Why the Net Promoter Score Isn’t Enough to Measure CX

Adam Dorfman

When you’re choosing your next vacation destination or you’re in a bind with an urgent home repair need, there’s a good chance you turn to friends and online sources for recommendations. This is now the common first step.

Nielsen’s Global Trust in Advertising Report reveals that 83% of survey participants state that more than any other form of promotion, they trust recommendations that come from friends and family. While having people that will recommend you is well and good, those customers that aren’t happy are likely to be the most vocal. One study found that customers that had bad experiences are likely to tell 3X as many people as those who are satisfied.

One way that companies gauge customer satisfaction is by measuring and tracking their Net Promoter Score (NPS). While this is a useful measurement, it doesn’t provide the depth of understanding that you need to optimize the customer experience.

What Is the Net Promoter Score?

First devised by Fred Reichheld at Bain & Company in a 2003 Harvard Business Review article, the Net Promoter Score was referred to as “The One Number You Need to Grow.” Reichheld proposed the NPS as an alternative to the traditional customer satisfaction surveys and was able to validate his claims by showing a positive correlation between long-term company growth and the NPS.

So, what is the NPS? It’s a simple customer satisfaction benchmark derived from a single question: “On a scale of 0 to 10, how likely are you to recommend our product/service to a friend?” Higher scores, such as 9 or 10 are “likely to recommend,” and lower scores are “not likely to recommend.” Collect enough of these scores, and you will receive an overall idea relative to customer sentiment about your brand.

How Is Your NPS Calculated?

NPS is simple enough to calculate, even with a large sample size. The system divides respondents into three categories:

  • Promoters: Customers responding to the question with a 9 or 10. These are loyal and enthusiastic customers who are highly likely to tell friends and family about your business.
  • Passives: Customers responding to the question with a 7 or 8. These are indifferent customers who could either switch to competitors or later become detractors.
  • Detractors: Customers responding to the question with a 0 to 6. These are dissatisfied customers. You not only risk losing them, they can also damage your brand by telling others about their poor experiences.

To calculate the score, simply ignore all of the passives. Then, subtract the percentage of detractors from the percentage of detractors. For example, if you surveyed 100 customers and 55% were promoters and 30% were detractors, you’d find your NPS with this calculation: (55%-30% = 25).

What Is a Good vs. Bad NPS?

Any company that tracks their NPS understandably wants to know what score should be the target. Obviously, the higher the score, the better; but how well you are doing will depend on your particular industry.

According to a recent study by Temkin, the average NPS for auto dealers is about 39, with the lowest being 20. But the average NPS for Internet Service Providers is much lower at 0, with a high of 19 and a low of -16.

In general, an NPS that is below 0 indicates that your company has some issues that it should swiftly address. Anything above 70 means that your customers adore you — but only at this moment, which brings us to some of the limitations of the NPS.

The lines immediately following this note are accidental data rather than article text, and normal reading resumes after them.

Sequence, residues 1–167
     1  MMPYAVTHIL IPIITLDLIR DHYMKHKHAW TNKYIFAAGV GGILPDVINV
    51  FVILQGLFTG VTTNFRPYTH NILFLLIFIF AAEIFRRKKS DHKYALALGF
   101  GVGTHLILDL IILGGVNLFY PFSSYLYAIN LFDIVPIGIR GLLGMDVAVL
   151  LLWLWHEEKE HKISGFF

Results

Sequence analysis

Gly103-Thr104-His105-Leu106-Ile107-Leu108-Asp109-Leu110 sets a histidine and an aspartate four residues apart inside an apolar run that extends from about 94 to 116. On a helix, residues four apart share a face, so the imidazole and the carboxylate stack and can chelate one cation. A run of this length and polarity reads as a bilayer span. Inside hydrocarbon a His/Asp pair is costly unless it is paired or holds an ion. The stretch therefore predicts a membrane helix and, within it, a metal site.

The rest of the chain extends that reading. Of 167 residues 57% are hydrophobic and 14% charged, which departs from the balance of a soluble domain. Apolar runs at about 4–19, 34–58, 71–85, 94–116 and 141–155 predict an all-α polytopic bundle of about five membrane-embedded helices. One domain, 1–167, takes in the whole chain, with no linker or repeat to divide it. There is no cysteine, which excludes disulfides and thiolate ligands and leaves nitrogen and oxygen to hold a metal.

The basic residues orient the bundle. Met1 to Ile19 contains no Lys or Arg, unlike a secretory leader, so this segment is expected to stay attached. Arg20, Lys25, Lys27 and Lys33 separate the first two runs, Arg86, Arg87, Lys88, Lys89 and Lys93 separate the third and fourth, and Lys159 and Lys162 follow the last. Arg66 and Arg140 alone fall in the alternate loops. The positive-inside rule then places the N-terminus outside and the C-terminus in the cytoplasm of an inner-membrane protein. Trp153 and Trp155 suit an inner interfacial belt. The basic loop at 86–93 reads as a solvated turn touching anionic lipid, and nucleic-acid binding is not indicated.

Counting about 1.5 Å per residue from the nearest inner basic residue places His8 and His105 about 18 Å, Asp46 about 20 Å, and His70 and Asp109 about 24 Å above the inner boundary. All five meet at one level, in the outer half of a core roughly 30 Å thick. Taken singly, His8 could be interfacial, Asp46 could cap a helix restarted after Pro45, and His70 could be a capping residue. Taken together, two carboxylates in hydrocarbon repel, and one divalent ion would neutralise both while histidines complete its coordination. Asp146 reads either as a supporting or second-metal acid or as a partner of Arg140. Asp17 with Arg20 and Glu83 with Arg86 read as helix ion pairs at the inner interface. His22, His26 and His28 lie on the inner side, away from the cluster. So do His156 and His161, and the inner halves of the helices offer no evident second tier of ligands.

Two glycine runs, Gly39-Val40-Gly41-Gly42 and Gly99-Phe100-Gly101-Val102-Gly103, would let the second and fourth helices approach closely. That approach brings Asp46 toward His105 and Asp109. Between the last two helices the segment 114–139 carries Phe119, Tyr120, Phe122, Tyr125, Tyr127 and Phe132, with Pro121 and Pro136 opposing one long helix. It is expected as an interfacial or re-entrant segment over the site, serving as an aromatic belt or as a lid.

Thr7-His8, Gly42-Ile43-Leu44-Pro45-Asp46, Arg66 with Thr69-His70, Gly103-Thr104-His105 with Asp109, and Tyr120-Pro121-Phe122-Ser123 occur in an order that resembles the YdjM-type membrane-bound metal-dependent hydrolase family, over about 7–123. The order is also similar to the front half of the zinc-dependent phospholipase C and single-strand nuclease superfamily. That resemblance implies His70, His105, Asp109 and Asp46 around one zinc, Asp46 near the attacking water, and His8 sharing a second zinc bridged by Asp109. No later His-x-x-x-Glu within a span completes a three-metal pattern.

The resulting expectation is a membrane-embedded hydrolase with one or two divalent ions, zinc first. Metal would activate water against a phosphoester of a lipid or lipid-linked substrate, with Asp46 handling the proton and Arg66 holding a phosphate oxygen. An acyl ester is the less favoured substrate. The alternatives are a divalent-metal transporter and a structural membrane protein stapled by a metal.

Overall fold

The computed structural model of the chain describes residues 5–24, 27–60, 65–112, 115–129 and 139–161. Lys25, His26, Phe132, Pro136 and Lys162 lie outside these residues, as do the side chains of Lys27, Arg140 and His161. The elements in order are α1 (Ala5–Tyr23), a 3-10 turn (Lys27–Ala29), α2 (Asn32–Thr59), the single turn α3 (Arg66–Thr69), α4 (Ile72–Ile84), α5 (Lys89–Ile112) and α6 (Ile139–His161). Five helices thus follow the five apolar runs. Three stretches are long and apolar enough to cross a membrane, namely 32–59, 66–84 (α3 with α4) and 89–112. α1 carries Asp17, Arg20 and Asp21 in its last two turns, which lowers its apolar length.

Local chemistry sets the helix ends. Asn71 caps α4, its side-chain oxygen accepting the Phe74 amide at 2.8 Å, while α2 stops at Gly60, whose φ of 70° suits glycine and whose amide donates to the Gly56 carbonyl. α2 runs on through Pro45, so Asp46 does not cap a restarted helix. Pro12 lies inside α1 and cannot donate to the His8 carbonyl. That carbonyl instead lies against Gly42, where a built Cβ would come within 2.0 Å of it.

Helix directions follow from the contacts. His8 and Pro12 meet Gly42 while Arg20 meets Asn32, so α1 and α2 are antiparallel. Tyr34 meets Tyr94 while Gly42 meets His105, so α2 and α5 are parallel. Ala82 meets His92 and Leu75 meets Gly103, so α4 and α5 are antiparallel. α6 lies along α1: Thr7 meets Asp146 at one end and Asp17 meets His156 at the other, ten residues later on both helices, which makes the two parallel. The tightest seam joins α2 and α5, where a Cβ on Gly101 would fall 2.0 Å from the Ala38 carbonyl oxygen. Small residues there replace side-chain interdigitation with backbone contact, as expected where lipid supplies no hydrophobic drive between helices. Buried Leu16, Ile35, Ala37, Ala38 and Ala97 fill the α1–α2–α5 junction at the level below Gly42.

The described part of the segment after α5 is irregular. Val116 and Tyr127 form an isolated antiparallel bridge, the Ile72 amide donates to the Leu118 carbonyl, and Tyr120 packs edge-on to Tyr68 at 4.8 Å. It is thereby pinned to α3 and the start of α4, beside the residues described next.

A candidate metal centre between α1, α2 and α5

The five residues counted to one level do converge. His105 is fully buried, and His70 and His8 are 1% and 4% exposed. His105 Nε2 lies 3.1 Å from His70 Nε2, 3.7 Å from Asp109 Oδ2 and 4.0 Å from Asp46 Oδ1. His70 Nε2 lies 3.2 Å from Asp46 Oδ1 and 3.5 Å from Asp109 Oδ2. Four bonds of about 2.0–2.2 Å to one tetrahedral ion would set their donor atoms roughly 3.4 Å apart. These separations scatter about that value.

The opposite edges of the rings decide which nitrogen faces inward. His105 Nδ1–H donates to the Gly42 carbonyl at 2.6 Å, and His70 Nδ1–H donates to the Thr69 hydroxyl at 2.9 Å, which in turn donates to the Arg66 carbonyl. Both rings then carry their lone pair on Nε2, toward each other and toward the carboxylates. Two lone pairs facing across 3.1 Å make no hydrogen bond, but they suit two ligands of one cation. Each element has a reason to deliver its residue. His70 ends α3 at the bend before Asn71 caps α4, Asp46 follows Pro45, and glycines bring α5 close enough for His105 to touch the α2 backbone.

Why Your NPS Isn’t Enough to Measure Customer Feedback

While NPS provides an effective measure of customer sentiment at any given point in time, it doesn’t provide the depth you need to understand what’s working or what isn’t working along the customer journey.

You can fill in these gaps and achieve your goals with a comprehensive online reputation management program that has a broader focus. Instead of the one-dimensional “recommend” or “not recommend” data that you get from NPS, there is much more information available from online reviews, social media posts and customized surveys.

These are just a few of the elements that make up your company’s Reputation Score.

Using Your Reputation Score to Change the Game

Relying on the NPS alone won’t give your company the information it needs to make meaning changes to problem areas along the customer’s journey. Instead, your Reputation Score provides you with an accurate and comprehensive view of your brand’s online reputation, with insights you can use to take immediate action for necessary improvements.

Some of the key components of your Reputation Score include:

  • Online listings accuracy and consistency
  • Social engagement
  • Star ratings
  • Review recency, volume, spread and length
  • Review response
  • Search impressions

Reputation.com employs patented algorithms to calculate your score, which is instantly updated as there are changes to any components. You can make comparisons to others in your industry as well as best-in-class rankings.

More importantly, you can use the detailed insights in your online reputation management program to create action plans that will improve the customer experience, your business and your bottom line results. You also have access to custom survey capabilities, which allows your business to focus on the areas that need the most improvement or will provide the greatest value to customers.

To learn more about these solutions, download our free guide: What is Online Reputation Management?

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